It has been 10 years since Yu Hua, one of the most famous novelists in today's China, published his last fiction work.
Back in the 1980s and 1990s, Yu was a prominent figure in the avant-garde literary movement, which swept across the Chinese literary world at the time.
He was quite prolific. Between 1984 and 1995 he wrote a total of 12 books. Two of his most widely read novels, To Live (huo zhe) and The Chronicle of a Blood Merchant (Xu Sanguan mai xie ji) were listed among last decade's 10 most influential books in China.
His books also have received international acclaim, winning many awards in Europe and the United States and being translated into a dozen foreign languages.
To Live was later adapted into a movie directed by Zhang Yimou and starring Gong Li. It won the Special Jury Prize at the Cannes Film Festival in 1994.
But it seems that Yu has been experiencing a long period of writers' block after the former dentist at a rural clinic in east China's Zhejiang Province shot to fame.
For 10 years he has not released any fiction work. He explained that he has been "casting a sword" during that time.
That partly explains why Yu's latest penning, Brothers (xiong di), made such a hit when it was released in August. It became the talk of the town in many cities, a scene quite rare for fictions in China. It topped the country's literature best-seller charts immediately after hitting the market.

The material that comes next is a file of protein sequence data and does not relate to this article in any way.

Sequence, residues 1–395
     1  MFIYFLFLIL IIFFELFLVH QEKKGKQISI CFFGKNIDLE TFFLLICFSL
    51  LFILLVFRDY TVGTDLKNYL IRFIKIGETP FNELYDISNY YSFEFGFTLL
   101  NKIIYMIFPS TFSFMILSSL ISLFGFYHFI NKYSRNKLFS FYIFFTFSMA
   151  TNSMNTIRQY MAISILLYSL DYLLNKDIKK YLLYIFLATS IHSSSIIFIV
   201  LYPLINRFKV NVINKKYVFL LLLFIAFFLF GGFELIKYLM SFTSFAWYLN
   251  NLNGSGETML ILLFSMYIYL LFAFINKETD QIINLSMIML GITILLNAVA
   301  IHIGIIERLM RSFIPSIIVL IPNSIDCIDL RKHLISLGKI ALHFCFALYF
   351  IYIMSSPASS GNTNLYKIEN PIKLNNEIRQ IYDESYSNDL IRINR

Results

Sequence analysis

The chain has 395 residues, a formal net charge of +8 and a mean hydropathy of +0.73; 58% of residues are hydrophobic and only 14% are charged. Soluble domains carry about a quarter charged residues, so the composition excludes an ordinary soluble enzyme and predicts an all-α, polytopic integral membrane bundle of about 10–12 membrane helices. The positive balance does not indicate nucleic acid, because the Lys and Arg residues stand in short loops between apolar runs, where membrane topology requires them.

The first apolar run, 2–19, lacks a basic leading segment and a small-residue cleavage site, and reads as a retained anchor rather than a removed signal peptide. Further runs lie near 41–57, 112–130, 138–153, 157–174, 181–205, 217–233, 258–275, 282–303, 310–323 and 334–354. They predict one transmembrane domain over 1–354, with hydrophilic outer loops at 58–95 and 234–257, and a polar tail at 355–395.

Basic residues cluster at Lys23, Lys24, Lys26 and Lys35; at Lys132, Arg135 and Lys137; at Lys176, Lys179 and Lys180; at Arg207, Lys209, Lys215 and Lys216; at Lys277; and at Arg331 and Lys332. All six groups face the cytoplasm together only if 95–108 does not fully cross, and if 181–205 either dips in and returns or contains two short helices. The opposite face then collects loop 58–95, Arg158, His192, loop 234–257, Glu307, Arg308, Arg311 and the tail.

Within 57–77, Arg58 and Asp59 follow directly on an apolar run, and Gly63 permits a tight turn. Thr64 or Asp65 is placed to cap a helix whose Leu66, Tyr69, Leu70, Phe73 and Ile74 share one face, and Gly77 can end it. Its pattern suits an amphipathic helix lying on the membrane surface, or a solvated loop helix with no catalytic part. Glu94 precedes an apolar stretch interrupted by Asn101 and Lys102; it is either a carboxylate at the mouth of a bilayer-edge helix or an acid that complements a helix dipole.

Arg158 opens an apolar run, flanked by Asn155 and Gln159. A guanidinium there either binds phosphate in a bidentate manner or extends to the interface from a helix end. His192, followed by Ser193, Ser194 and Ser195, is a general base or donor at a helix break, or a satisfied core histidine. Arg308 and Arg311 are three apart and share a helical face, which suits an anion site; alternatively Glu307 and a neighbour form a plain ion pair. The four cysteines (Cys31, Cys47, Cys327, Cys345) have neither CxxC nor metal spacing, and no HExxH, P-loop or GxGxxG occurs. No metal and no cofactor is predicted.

So far all the 250,000 copies of the first two printings have been sold out. The publisher, Shanghai Literature Press, has ordered a third printing of 100,000 copies.
Interestingly, Brothers was not the sword that the author had intended to cast at first.
"Five years ago I began working on an endless novel, that was the narration of a century. In August 2003 I went to the United States, running around here and there for seven months. When I returned to Beijing, I found I had lost the desire to continue that lengthy narration. Then I began writing Brothers," Yu recalled.
Tale of two eras
Like in many of his previous works, Yu tries to tell the personal history of the two protagonists in Brothers, a pair of stepbrothers, in chronicle order.
It is divided into two parts. The first part, which deals with the tribulations of the two brothers' childhood and adolescence in the midst of the "cultural revolution" (1966-1976), is what we have read now. The second part, set in the present day and following the fates of the two brothers separately, will be published later.
As Yu himself has put it, the novel is the narration of the meeting of two eras. The "cultural revolution" is an era of "mania, instinct-inhibition and miserable fate."
Today all the former ethics have been overthrown, people are fickle and indulge themselves in sensual pleasure diversified and yet a little degenerated.
He compares the "cultural revolution" years to the pre-Renaissance period in Europe and the contemporary era in both China and Europe.
He said: "It takes a Westerner 400 years to experience two eras so completely different, and it only takes a Chinese 40 years. Four hundred years of changes have been condensed into 40 years and that is a precious experience."
The writer said at first he planned to write only 100,000 characters, but the narration itself dominated his writing and would not stop until 400,000 characters rolled out.